CS351 - Computer Organization

2 Dimensional Arrays:

A text file can be thought of as a 2D grid of characters (lines x columns) If a single array is linear, i.e. 1 dimensional, then an array of arrays is 2 dimensional (i.e. 2D). An array of array is defined by adding a second [] subscript:

char data[rows][cols];

data = {
  {'.','.',... cols ...,'.'},   ┐
  {'.','.',... cols ...,'.'},   ├── rows
    ...                         │
  {'.','.',... cols ...,'.'}    ┘

rows and cols should normally be constant values, however C allows dynamic arrays:

char data[LINES][COLS];

Note: You may not attempt to initialize a dynamic sized array however.

A single character can then be accessed in almost the same way that screen coordinate would be:

data[y][x] = '#'; // places '#' at row y, column x in the 2D data array.

The amount of space required for the array is rows * cols * sizeof(char).

If the last subscript ([x]) is omitted, then data[y] is the string of characters at row y. i.e.:

printf("%s", data[y]);

Reading a text file into a 2D array:

// Define outside of a function:
#define MAXLINES    200
#define MAXCOLS     120

// Inside of a function:
// Open the file (for reading):
FILE *fp = fopen("file.txt", "r");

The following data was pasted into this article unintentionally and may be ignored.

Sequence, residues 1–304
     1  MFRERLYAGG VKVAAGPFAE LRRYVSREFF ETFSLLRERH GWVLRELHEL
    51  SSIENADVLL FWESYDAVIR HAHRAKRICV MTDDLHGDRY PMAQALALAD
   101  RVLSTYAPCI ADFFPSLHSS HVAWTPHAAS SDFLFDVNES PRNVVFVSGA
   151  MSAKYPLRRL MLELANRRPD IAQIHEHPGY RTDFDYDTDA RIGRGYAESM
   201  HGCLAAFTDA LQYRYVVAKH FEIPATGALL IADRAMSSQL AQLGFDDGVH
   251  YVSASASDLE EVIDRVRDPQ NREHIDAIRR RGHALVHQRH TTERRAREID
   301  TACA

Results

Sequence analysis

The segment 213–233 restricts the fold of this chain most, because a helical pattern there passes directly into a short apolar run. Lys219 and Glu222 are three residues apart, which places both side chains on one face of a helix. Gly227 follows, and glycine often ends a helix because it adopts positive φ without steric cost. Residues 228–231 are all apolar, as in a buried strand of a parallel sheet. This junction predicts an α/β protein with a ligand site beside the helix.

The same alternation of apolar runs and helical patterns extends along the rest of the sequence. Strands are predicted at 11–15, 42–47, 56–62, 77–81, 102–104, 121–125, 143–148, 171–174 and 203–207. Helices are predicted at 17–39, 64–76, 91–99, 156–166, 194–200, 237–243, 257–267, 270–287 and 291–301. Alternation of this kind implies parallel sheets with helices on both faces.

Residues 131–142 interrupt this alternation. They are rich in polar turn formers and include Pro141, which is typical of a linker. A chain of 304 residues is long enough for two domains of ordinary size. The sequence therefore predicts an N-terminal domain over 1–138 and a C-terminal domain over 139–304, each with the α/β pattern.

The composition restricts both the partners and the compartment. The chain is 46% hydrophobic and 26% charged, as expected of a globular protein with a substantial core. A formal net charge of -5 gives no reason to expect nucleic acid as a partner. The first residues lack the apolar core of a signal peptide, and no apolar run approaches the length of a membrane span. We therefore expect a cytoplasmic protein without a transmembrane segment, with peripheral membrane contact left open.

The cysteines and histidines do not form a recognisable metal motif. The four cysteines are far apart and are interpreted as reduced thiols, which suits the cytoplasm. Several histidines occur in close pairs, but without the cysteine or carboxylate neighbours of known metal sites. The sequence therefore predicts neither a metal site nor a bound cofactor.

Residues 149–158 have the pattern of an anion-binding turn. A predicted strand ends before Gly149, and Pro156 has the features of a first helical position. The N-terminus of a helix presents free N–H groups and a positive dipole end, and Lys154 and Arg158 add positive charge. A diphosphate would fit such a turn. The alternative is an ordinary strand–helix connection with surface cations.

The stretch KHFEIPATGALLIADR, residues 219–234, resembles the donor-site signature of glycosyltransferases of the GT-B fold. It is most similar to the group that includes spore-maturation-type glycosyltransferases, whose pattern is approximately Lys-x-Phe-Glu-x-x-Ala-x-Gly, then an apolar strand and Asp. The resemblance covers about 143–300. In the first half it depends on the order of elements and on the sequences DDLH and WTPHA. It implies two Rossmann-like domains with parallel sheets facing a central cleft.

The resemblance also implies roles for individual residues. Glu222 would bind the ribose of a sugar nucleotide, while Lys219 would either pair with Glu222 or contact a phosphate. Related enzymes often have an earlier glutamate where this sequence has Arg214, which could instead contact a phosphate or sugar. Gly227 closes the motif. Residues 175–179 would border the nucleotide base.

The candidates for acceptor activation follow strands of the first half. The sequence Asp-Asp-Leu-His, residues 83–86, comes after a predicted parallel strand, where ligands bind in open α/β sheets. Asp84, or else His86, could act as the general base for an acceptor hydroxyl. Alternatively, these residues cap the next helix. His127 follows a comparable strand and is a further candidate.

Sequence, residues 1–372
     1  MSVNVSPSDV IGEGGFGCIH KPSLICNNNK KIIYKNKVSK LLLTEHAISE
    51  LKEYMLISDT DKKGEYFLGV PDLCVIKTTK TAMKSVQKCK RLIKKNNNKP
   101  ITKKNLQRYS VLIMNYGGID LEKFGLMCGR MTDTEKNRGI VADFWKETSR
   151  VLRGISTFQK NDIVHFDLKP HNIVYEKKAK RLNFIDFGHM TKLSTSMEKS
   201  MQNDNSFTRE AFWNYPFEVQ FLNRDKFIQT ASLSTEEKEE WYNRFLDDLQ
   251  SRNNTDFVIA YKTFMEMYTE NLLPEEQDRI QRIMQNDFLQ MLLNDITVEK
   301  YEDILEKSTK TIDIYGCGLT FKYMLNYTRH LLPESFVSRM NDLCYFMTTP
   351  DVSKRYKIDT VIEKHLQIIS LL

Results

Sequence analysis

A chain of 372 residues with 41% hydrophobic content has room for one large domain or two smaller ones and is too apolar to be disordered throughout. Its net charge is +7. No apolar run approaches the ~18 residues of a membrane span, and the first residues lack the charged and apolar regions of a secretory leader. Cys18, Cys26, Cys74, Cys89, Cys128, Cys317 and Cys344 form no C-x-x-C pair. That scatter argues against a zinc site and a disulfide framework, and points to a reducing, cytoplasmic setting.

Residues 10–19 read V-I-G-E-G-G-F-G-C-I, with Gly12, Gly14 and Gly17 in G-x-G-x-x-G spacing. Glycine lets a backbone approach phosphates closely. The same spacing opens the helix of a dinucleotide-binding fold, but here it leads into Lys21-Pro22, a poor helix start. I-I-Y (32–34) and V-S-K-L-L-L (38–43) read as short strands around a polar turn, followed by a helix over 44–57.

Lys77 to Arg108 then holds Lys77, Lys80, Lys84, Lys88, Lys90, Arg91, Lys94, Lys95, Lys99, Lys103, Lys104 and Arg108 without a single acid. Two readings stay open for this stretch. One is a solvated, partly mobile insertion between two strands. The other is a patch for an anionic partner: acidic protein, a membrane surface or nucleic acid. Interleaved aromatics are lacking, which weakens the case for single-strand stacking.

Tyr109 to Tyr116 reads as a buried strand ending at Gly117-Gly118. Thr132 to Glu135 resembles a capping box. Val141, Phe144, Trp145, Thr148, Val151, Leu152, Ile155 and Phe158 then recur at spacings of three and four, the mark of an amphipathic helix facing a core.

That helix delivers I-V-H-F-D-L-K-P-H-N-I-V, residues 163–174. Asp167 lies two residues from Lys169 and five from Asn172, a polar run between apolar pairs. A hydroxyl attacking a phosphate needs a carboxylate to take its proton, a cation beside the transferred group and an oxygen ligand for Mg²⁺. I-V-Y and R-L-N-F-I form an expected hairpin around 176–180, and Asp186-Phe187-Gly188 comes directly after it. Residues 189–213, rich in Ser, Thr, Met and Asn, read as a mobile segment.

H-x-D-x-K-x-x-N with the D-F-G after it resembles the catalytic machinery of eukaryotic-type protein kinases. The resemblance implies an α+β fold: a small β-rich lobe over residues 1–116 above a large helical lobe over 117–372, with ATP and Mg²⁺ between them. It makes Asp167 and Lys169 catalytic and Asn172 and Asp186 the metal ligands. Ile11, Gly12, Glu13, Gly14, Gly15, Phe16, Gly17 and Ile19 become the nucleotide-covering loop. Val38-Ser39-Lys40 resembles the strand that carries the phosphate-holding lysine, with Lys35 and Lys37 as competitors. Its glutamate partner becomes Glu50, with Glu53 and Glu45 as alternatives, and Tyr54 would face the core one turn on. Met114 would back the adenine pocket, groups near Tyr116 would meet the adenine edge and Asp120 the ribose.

// Define space for the rows and columns of data:
int line = 0;

// Read a line at at time from the file:
while(fgets(lines[line], MAXCOLS, fp) != NULL) {
  if (line >= MAXLINES) break; // Stop when there is no more room in the array.


A pointer is a variable that points to a storage area rather than defining a storage area itself. Pointers can be incremented to move to the next available storage area in memory as well.

A pointer variable is defined with a leading *:

char *str;       // A string (character) pointer
int *nums;       // An integer pointer
char *strs[10];  // An array of 10 string pointers.
int **x;         // A pointer to a pointer to an integer.

A pointer can be thought of an used like an array, however it does not allocate space for any data by itself:

char s[10];     \ These are not the same, although they can be used in the
char *s;        / same way.
char s1[] = "text";
char *s2  = "text";

In this case s1 allocates space for "text\0" which is copied into it, data in s1 can be modified. s2 points to a read-only version of "text\0", which can be read, but not modified.

To access the second character in s1 or s2, you can use the array index method:

s1[1] == 'e'
s2[1] == 'e'

For s2 however you can use the * operator to "dereference" the pointer and get the data that it points to:

*s2 == 't'         same as *(s2+0) == 't'
*(s2+1) == 'e'
*(s2+2) == 'x'

int strlen(char *s)
  int len = 0;
  while (*s != '\0') {
    s++;          // Move pointer to the next character
  return len;